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Verizon’s 5G Home Internet service is coming to 10 more cities

Verizon’s 5G Home Internet service is being taken to the next level by expanding it to an additional 10 cities. Some of the new cities will get the service starting on March 18, while others will get it on March 25. Verizon promises typical download speeds of around 300Mbps, which is quite a bit more than many are likely getting on their wired internet service currently.

On March 18, the service will roll out to Cleveland, Las Vegas, San Diego; Louisville, Kentucky; and Omaha, Nebraska. On March 25, it will come to parts of Cincinnati, Salt Lake City; Charlotte, North Carolina; Hartford, Connecticut; and Kansas City, Missouri.

Verizon has been very selective about where it rolls out its home 5G service, likely to ensure that customers get fast download speeds. The service was first launched in 2018, and essentially involves getting a so-called “Internet Gateway” that connects to the local 5G network and turns that connectivity into Wi-Fi for your home devices. Verizon says customers could get speeds of up to 1Gbps, which is equivalent to fiber internet services that are available in some areas. Most areas will get speeds far slower than that though, at least for now.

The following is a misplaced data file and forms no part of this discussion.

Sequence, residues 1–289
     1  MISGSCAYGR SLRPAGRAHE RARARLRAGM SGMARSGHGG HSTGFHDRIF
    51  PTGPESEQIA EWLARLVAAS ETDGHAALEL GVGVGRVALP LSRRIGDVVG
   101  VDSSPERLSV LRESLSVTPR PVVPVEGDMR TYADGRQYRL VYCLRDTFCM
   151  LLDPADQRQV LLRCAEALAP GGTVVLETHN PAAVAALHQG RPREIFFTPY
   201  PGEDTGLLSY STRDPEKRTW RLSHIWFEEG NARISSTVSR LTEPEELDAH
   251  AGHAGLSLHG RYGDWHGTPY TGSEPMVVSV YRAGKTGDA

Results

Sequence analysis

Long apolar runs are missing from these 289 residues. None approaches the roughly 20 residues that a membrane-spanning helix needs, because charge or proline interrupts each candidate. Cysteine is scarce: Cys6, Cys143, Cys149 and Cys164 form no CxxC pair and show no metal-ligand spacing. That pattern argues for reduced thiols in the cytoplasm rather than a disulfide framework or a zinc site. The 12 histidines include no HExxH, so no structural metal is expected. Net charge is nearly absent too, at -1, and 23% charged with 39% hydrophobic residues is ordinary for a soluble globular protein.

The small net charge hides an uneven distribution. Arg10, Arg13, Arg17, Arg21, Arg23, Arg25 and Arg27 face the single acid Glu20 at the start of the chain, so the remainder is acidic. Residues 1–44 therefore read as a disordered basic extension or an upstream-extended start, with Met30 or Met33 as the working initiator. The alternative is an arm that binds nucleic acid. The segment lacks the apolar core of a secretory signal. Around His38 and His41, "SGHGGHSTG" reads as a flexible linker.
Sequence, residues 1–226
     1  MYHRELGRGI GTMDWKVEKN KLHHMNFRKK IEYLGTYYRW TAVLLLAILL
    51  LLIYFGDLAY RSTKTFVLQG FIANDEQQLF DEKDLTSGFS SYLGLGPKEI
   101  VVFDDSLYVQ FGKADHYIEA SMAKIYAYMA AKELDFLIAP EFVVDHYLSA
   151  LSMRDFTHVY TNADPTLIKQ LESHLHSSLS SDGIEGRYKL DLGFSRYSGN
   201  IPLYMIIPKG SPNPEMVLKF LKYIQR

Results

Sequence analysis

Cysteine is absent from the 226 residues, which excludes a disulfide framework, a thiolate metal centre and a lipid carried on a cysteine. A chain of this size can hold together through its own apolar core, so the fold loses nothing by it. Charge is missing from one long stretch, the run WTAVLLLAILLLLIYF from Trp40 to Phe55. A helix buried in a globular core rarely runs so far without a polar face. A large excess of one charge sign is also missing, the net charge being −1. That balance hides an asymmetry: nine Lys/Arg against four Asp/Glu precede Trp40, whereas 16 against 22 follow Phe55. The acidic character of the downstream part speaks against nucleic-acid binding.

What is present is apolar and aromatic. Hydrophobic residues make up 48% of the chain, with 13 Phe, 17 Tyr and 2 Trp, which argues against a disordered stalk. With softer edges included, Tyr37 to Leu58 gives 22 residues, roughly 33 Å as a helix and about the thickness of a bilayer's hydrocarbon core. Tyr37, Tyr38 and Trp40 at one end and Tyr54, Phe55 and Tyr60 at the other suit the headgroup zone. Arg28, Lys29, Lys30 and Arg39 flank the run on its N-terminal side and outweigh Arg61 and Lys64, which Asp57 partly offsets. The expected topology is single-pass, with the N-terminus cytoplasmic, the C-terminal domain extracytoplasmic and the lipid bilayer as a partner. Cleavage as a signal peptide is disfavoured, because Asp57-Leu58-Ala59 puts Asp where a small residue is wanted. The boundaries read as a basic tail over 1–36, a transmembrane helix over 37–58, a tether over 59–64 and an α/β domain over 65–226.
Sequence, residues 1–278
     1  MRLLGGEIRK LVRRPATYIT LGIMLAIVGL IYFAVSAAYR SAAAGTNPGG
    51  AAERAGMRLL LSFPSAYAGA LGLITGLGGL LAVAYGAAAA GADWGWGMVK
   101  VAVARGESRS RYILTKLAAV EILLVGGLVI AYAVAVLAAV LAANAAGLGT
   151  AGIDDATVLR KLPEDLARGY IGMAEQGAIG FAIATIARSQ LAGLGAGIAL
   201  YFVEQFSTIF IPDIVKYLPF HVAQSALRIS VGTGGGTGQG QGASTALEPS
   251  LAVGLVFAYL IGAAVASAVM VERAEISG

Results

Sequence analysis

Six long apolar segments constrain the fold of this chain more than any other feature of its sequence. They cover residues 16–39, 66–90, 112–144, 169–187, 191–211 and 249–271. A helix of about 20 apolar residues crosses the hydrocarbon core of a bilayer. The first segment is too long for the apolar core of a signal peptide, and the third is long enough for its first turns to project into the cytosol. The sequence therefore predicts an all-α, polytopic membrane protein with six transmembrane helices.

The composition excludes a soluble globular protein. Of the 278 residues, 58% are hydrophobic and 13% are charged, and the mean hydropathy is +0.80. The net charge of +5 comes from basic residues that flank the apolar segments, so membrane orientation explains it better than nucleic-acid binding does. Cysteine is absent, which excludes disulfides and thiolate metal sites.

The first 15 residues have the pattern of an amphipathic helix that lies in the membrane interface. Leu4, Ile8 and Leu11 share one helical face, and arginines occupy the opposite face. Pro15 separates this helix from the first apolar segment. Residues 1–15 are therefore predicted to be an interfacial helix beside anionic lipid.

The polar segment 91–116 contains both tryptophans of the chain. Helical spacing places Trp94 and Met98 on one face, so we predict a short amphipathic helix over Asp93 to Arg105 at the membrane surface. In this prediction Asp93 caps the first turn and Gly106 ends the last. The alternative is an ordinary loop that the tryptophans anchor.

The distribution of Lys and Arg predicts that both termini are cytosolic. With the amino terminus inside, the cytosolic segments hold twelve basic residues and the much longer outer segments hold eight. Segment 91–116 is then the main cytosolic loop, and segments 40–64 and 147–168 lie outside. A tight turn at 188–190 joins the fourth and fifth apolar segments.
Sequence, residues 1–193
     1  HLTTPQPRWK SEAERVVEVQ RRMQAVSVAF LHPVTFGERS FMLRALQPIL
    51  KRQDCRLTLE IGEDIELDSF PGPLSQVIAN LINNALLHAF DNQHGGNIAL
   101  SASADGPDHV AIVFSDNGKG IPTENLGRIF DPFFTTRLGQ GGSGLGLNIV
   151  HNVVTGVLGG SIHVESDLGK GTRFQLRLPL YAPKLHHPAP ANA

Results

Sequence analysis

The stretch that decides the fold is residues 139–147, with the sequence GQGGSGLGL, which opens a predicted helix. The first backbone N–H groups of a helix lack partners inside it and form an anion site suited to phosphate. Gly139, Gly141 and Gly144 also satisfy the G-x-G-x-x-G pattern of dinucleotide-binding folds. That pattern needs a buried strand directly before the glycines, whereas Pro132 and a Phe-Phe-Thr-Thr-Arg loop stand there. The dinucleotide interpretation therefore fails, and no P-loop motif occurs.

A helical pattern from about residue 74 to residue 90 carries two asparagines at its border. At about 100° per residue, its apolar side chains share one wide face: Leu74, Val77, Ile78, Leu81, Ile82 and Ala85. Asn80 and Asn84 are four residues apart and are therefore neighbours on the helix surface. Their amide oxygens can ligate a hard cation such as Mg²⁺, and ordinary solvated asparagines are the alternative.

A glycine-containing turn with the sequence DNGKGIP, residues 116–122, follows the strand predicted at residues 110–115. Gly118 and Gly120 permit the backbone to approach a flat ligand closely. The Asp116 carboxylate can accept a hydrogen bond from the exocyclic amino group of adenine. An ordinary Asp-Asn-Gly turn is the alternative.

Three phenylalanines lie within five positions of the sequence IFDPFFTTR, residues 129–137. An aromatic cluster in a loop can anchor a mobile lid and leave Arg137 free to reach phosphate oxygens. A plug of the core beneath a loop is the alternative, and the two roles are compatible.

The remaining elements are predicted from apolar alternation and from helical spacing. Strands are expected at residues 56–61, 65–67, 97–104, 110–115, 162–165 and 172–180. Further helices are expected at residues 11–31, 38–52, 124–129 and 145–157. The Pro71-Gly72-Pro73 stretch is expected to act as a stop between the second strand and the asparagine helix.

Eventually, it’s said that 5G home internet could replace cable internet altogether, considering its fast speeds and low latency. It may be a while before that happens, though, considering how early 5G carriers are in their rollout of their 5G networks, and the fact that current 5G networks aren’t really all that much faster than 4G networks.

That’s on track to change with the launch of midband and high-band networks. Here’s a quick explainer: 5G is used across a range of radio frequencies, with the lower frequencies supporting the nationwide networks that are currently available. These frequencies are able to travel distances and through obstacles, but not able to deliver ultra-high speeds. Basically, the higher the frequency, the higher the download speeds — but the shorter the distance those frequencies are able to travel. Carriers are set to continue to roll out higher-frequency mmWave networks in populated cities around the country.

Verizon isn’t the only carrier to be rolling out a 5G home internet service. T-Mobile is piloting one, while AT&T is expected to announce its own in the near future.

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Christian de Looper
Christian’s interest in technology began as a child in Australia, when he stumbled upon a computer at a garage sale that he…
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